Friday, March 11, 2016

Capitalism and Socialism


Recently one commentator in the Wall Street Journal reported that young voters don’t see much value in Capitalism. I suppose that this bias is one of the reasons for the remarkable turnout of young voters in support of the attempt on the part of Socialist Senator Bernie Sanders to wrest the Democrat nomination for President away from Hillary Clinton.

I would suggest that if young people want to see the value of Capitalism, they only have to look at the end of their arm and behold the ever-present cell or mobile phone in their hand. The iphone and its many imitators that have revolutionized the world are a product of capitalism. Despite last year’s drop in stock value, Apple Corporation remains as one of the world’s largest and most profitable companies.

Years ago Steve Jobs, Apple’s legendary founder, broke the virtual monopoly in the computer business enjoyed by IBM and Microsoft. He was a genius but he could never have built his company without capital. He either had to borrow money to bring his ideas to fruition, or offer shares of stock (partial ownership) in the company to build the business.

Moreover, practically every day these mobile phones and laptops have to be plugged into the electric grid so that their batteries can be recharged. Electricity is one of our basic human needs in the modern world but it is remarkably cheap compared to other things we buy. Although regulated to some extent by government agencies, most electric companies are privately owned, for profit companies whose shares are also bought and sold on Wall Street.

People hate their electric bills but most of us probably spend less on this vital resource than we pay on beer and coffee. Speaking of coffee, the ubiquitous Starbucks, where so many young people like to meet and hang out is also a product of Capitalism. How could this very popular company have grown from a small start-up in the North West to a worldwide phenomenon without capital?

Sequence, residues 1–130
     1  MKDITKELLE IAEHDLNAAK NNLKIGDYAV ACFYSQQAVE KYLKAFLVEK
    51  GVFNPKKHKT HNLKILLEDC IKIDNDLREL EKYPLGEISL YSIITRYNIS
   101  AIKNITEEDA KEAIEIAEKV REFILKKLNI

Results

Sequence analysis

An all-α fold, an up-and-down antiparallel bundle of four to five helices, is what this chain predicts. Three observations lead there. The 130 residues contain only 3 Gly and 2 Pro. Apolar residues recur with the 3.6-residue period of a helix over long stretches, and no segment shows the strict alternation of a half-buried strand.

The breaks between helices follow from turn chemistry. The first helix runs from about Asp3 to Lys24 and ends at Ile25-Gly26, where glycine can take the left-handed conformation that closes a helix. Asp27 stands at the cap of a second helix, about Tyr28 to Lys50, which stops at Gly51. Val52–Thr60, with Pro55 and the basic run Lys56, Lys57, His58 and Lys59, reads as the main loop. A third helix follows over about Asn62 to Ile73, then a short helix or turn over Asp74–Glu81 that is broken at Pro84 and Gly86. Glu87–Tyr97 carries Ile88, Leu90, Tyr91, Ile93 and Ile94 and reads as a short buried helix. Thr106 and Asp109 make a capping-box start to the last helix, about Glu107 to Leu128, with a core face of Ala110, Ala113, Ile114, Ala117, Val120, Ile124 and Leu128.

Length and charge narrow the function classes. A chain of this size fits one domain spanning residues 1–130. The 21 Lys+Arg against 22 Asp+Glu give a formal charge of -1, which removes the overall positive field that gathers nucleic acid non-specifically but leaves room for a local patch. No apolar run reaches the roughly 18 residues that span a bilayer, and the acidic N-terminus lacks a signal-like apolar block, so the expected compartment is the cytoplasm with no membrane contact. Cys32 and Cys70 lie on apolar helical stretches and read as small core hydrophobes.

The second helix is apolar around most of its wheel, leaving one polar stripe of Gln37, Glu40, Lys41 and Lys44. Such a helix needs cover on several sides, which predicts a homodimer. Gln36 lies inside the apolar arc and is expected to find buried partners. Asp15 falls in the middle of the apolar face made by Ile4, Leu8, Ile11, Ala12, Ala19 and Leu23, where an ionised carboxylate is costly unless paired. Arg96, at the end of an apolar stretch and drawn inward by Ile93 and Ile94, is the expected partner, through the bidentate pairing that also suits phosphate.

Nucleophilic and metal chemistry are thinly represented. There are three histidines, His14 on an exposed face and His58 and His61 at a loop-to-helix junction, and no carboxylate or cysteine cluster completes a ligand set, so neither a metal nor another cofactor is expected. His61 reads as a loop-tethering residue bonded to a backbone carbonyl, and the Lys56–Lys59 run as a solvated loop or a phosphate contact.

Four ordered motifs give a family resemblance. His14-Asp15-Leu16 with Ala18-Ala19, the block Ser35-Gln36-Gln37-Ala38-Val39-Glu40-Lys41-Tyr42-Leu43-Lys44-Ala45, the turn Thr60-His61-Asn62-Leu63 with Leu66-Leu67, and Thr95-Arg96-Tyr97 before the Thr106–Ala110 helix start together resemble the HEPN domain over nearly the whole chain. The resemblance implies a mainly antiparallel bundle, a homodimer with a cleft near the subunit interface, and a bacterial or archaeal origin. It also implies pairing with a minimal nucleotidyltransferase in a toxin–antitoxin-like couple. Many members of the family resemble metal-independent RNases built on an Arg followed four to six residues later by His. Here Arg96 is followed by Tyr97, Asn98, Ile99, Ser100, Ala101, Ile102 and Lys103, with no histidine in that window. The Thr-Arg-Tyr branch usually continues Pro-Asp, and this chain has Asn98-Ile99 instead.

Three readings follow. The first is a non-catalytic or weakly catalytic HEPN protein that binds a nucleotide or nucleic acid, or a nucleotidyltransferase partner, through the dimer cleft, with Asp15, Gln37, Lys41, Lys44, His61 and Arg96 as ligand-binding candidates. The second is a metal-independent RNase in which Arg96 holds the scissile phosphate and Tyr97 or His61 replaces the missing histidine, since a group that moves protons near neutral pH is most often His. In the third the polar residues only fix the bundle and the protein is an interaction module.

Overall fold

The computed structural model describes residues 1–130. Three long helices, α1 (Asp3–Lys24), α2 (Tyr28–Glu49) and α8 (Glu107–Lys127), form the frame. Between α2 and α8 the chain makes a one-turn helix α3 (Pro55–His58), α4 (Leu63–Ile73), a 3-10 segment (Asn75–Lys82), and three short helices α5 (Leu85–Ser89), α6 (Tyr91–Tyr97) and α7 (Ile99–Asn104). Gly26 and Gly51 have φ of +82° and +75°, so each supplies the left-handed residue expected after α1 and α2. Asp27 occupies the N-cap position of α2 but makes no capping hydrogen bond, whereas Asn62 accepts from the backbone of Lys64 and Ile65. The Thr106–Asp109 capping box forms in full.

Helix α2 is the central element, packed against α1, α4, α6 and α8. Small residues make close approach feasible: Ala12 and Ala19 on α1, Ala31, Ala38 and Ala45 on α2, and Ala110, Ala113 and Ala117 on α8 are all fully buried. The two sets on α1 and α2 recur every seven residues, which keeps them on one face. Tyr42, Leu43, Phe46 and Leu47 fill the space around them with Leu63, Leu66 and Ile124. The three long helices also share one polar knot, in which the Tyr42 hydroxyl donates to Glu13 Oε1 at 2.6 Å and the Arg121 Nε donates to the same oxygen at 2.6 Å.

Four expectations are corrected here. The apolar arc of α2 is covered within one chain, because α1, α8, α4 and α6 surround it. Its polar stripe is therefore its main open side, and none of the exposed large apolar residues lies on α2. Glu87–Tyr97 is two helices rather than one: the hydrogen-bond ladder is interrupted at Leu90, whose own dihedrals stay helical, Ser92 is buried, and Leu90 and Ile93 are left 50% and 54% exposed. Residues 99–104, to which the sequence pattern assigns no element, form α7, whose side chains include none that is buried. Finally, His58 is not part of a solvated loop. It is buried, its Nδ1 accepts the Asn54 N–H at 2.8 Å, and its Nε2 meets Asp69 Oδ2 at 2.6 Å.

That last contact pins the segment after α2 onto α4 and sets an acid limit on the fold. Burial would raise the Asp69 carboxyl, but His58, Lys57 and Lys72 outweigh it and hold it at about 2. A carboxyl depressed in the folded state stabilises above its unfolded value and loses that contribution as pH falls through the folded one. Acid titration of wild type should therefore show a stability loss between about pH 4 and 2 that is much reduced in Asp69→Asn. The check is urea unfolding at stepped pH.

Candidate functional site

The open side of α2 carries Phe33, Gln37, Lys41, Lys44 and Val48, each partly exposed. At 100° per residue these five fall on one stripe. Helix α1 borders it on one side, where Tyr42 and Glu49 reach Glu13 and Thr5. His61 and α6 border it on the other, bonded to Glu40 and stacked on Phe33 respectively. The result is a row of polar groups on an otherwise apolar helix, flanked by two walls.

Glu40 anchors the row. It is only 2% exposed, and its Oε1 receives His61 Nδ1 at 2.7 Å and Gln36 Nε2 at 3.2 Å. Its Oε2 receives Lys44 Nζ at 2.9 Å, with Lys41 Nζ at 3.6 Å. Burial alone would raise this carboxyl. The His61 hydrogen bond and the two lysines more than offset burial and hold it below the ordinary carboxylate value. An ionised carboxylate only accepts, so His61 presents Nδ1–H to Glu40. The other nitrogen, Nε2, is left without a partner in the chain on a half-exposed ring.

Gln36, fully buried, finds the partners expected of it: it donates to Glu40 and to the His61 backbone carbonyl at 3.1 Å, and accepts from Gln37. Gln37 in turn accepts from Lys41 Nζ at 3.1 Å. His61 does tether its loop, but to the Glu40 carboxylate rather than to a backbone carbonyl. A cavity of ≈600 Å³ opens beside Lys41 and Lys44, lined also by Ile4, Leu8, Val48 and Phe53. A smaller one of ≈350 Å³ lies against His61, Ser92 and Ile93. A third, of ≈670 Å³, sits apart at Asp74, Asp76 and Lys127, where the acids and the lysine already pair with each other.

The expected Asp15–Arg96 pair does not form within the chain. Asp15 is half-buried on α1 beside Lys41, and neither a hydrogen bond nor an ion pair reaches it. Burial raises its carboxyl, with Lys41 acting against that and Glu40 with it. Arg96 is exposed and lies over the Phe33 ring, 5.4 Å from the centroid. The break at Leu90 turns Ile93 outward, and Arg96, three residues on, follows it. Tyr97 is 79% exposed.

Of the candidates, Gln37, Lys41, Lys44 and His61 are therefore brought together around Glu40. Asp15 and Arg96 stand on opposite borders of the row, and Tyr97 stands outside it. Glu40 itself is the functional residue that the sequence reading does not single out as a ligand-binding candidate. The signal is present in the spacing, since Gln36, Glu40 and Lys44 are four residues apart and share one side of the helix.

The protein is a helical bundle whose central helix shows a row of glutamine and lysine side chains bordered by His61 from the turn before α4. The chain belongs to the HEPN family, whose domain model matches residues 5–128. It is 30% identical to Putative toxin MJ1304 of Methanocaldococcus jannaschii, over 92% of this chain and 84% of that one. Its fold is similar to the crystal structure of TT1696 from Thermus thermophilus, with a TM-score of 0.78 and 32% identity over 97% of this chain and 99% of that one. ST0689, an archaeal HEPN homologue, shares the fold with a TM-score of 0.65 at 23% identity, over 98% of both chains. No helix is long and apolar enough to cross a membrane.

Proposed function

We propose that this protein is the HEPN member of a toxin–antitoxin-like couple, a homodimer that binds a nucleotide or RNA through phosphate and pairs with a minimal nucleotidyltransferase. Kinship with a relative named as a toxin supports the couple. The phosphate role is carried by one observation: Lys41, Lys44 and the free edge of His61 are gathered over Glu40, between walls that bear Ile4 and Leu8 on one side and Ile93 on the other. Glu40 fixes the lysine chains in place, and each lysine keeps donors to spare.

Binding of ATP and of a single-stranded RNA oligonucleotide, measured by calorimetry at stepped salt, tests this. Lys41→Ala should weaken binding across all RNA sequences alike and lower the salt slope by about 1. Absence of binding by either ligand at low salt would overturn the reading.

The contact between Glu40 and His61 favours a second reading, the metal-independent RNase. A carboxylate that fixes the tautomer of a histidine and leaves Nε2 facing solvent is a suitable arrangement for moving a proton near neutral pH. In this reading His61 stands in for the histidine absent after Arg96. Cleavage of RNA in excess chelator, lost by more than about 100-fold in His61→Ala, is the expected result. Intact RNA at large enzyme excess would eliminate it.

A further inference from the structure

Actually, the alternative to Starbucks for those college students at the University of Michigan who came out to vote for Bernie Sanders recently is university cafeteria coffee. Ugh!
On a recent trip to California we visited the magnificent campus of the University of California at Berkeley, a veritable training ground for young socialists. The campus is ringed by coffee shops and eateries serving an incredibly wide variety of coffees from all over the world. All of these places required capital to get started. Also, the more coffee they sell, the more valuable they become, and the more people they employ.

If Apple and Starbucks are good examples of Capitalism for college students today, these students might want to consider that non-profit colleges and universities like Berkeley are good examples of Socialism. It is these universities that produce the dorms and cafeterias that seem to be almost universally despised. So far three of my grandchildren have attended college and all of them took the earliest opportunity to get out of the dorms and live off-campus. All of them despised the campus cafeteria food and meal plans.

Of course, these schools and universities have become notorious centers of political correctness and thought control. They praise their commitment to diversity, but the faculty members are overwhelmingly liberal or even radical. The suppression of political views contrary to the party line is one of the main features of socialism.

Years ago when I taught at a small college here in Connecticut, a colleague was doing his dissertation on the kinds of periodicals read in communist China. He found that the magazines read by ordinary people contained largely factual and accurate information about America. However, the reading material of the Communist Party leaders and bureaucrats contained the most outrageous distortions and propaganda. It is no wonder that the Chinese version of socialism slaughtered over 20 Million people.


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